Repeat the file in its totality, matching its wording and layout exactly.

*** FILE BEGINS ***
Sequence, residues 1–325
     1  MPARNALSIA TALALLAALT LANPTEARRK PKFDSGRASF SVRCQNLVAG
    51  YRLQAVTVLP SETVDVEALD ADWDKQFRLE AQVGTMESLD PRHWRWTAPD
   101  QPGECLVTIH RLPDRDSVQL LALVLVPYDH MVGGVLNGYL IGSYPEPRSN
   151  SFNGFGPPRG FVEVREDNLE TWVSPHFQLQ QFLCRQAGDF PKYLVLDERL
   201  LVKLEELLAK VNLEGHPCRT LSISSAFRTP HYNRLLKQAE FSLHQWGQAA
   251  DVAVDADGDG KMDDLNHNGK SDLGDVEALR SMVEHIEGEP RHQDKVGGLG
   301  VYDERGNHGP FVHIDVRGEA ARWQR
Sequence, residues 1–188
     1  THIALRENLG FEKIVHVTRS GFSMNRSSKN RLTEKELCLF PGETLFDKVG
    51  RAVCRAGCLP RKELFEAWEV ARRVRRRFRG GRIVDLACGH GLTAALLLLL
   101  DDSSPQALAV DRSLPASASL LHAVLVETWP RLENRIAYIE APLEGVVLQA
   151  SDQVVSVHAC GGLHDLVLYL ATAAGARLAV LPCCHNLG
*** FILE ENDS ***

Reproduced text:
Sequence, residues 1–325
     1  MPARNALSIA TALALLAALT LANPTEARRK PKFDSGRASF SVRCQNLVAG
    51  YRLQAVTVLP SETVDVEALD ADWDKQFRLE AQVGTMESLD PRHWRWTAPD
   101  QPGECLVTIH RLPDRDSVQL LALVLVPYDH MVGGVLNGYL IGSYPEPRSN
   151  SFNGFGPPRG FVEVREDNLE TWVSPHFQLQ QFLCRQAGDF PKYLVLDERL
   201  LVKLEELLAK VNLEGHPCRT LSISSAFRTP HYNRLLKQAE FSLHQWGQAA
   251  DVAVDADGDG KMDDLNHNGK SDLGDVEALR SMVEHIEGEP RHQDKVGGLG
   301  VYDERGNHGP FVHIDVRGEA ARWQR
Sequence, residues 1–188
     1  THIALRENLG FEKIVHVTRS GFSMNRSSKN RLTEKELCLF PGETLFDKVG
    51  RAVCRAGCLP RKELFEAWEV ARRVRRRFRG GRIVDLACGH GLTAALLLLL
   101  DDSSPQALAV DRSLPASASL LHAVLVETWP RLENRIAYIE APLEGVVLQA
   151  SDQVVSVHAC GGLHDLVLYL ATAAGARLAV LPCCHNLG